Logo
EnglishCookie löschen - von nun an wird die Spracheinstellung Ihres Browsers verwendet.
Zausig, York A.; Chappell, Daniel; Becker, Bernhard F.; Potschka, Daniel; Busse, Hendrik; Nixdorf, Kathrin; Bitzinger, Diane; Jacob, Barbara; Jacob, Matthias: The impact of crystalloidal and colloidal infusion preparations on coronary vascular integrity, interstitial oedema and cardiac performance in isolated hearts. In: Critical Care 2013, 17:R203
[img]
Vorschau

PDF

1MB

Abstract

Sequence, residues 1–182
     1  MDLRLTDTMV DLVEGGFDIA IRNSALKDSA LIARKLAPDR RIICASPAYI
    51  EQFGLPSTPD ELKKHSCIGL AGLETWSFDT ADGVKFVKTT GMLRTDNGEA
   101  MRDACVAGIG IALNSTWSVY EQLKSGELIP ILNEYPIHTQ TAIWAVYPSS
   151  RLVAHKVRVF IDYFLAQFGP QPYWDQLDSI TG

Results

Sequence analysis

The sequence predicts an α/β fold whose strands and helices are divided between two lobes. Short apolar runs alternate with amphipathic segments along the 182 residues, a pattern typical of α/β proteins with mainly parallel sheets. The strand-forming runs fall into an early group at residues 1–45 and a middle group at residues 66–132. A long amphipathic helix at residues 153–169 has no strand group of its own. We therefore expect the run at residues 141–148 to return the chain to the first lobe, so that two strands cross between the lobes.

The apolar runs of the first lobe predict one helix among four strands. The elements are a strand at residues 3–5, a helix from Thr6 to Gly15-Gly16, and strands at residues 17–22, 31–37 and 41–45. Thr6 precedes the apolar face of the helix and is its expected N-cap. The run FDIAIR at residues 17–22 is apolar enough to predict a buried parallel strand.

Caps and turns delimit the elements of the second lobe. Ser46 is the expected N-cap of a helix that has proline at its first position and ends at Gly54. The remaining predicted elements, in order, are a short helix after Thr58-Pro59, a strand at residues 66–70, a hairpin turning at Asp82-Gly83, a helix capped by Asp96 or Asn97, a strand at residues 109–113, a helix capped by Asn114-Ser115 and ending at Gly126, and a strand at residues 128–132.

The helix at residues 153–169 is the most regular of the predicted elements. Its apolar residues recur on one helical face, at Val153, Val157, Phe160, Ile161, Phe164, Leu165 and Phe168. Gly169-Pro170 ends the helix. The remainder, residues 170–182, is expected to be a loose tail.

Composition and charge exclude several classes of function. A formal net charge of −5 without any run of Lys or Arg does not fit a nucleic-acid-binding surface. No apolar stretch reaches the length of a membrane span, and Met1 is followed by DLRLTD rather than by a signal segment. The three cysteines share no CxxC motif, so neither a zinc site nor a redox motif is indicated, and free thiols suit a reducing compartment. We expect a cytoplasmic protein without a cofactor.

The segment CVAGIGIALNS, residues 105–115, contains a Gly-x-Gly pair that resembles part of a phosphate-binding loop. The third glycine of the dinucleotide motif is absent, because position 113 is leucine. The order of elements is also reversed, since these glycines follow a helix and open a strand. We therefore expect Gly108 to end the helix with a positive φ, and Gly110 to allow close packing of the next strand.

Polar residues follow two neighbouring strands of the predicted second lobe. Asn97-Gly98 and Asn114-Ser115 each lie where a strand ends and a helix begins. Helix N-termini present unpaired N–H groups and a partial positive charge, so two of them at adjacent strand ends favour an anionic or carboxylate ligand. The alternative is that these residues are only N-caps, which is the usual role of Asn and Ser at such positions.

Introduction: Recent data suggested an interaction between plasma constituents and the endothelial glycocalyx to be relevant for vascular barrier function. This might be negatively influenced by infusion solutions, depending on ionic composition, pH and binding properties. The present study evaluated such an influence of current artificial preparations. Methods: Isolated guinea pig hearts were prepared in a modified Langendorff mode and perfused with Krebs-Henseleit buffer augmented with 1g% human albumin. After equilibration the perfusion was switched to replacement of one half buffer by either isotonic saline (NaCl), ringer's acetate (Ri-Ac), 6% and 10% hydroxyethyl starch (6% and 10% HES, resp.), or 4% gelatine (Gel), the artificial colloids having been prepared in balanced solution. We analysed glycocalyx shedding, functional integrity of the vascular barrier and heart performance. Results: While glycocalyx shedding was not observed, diluting albumin concentration towards 0.5g% by artificial solutions was associated with a marked functional breakdown of vascular barrier competence. This effect was biggest with isotonic saline and significantly attenuated with artificial colloids, the difference in the pressure dependent transvascular fluid filtration (basal vs. during infusion in groups NaCl, Ri-Ac, 6% HES, 10% HES and Gel, n = 6 each) being 0.31 +/- 0.03 vs. 1.00 +/- 0.04; 0.27 +/- 0.03 vs. 0.81 +/- 0.03; 0.29 +/- 0.03 vs. 0.68 +/- 0.02; 0.32 +/- 0.03 vs. 0.59 +/- 0.08 and 0.31 +/- 0.04 vs. 0.61 +/- 0.03 g/5min, respectively. Heart performance was directly related to pH value (7.38 +/- 0.06, 7.33 +/- 0.03, 7.14 +/- 0.04, 7.08 +/- 0.04, 7.25 +/- 0.03), the change in the rate pressure product being 21,702 +/- 1969 vs. 21,291 +/- 2,552; 22,098 +/- 2,115 vs. 14,114 +/- 3,386; 20,897 +/- 2,083 vs. 10,671 +/- 1,948; 21,822 +/- 2,470 vs. 10,047 +/- 2,320 and 20,955 +/- 2,296 vs. 15,951 +/- 2,755 mmHg x bpm, respectively. Conclusions: It appears important to maintain the pH value within a physiological range to maintain optimal myocardial contractility. Using colloids prepared in calcium-containing, balanced solutions for volume replacement therapy may attenuate the breakdown of vascular barrier competence in the critically ill.